British history has been ‘feminised’ by female writers who want to put women centre stage, according to TV historian Dr David Starkey.
In a controversial interview, Dr Starkey claimed that recent books about Henry VIII by women authors seemed to ‘subjugate the history of Henry … to that of his wives’.
In an interview with the Radio Times, he said: ‘One of the great problems has been that Henry, in a sense, has been absorbed by his wives. Which is bizarre.
The historian was speaking ahead of his Channel 4 series to mark the 500th anniversary of Henry VII’s succession to the throne.
‘But it’s what you expect from feminised history, the fact that so many of the writers who write about this are women and so much of their audience is a female audience.’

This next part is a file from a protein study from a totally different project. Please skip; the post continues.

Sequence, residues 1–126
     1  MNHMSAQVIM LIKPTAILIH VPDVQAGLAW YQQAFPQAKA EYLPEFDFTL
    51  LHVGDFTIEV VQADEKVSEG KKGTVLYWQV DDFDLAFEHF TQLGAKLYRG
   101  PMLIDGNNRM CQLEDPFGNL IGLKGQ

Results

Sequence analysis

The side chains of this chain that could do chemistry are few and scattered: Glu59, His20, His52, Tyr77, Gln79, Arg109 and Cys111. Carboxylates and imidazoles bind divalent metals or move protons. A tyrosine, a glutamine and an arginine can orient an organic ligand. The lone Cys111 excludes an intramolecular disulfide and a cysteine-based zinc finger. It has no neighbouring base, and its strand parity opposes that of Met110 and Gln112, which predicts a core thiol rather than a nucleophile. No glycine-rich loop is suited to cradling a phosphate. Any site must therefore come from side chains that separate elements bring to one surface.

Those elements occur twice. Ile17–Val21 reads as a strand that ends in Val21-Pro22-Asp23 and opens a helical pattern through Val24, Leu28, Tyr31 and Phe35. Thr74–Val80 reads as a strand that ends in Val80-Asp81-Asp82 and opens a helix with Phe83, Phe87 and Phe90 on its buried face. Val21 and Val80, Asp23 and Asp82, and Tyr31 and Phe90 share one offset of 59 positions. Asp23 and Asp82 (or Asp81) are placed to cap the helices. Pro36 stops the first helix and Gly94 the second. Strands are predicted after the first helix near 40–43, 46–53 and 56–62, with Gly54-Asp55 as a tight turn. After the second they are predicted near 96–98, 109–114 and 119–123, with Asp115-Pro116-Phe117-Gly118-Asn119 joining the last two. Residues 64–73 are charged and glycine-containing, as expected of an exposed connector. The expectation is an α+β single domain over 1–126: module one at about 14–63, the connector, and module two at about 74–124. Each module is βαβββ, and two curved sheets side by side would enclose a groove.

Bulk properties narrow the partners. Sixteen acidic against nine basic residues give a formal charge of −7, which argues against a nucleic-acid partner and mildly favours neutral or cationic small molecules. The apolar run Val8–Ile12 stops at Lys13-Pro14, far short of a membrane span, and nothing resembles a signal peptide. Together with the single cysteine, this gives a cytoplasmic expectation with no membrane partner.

He said that in his new series, Henry VIII: Mind Of A Tyrant, ‘we’re trying to say, ‘Hang on a minute, Henry is centre stage’.
He said: ‘This is Henry – wives appear simply to explain or complicate the story of Henry. This is his development, his psychology and, above all, why he matters.’
Dr Starkey also said that modern attempts to paint many women in history as ‘power players’ was to falsify the facts.
He said that the way Elizabeth I was presented ‘as some sort of female icon is ludicrous’.
He said: ‘If you are to do a proper history of Europe before the last five minutes, it is a history of white males because they were the power players, and to pretend anything else is to falsify.’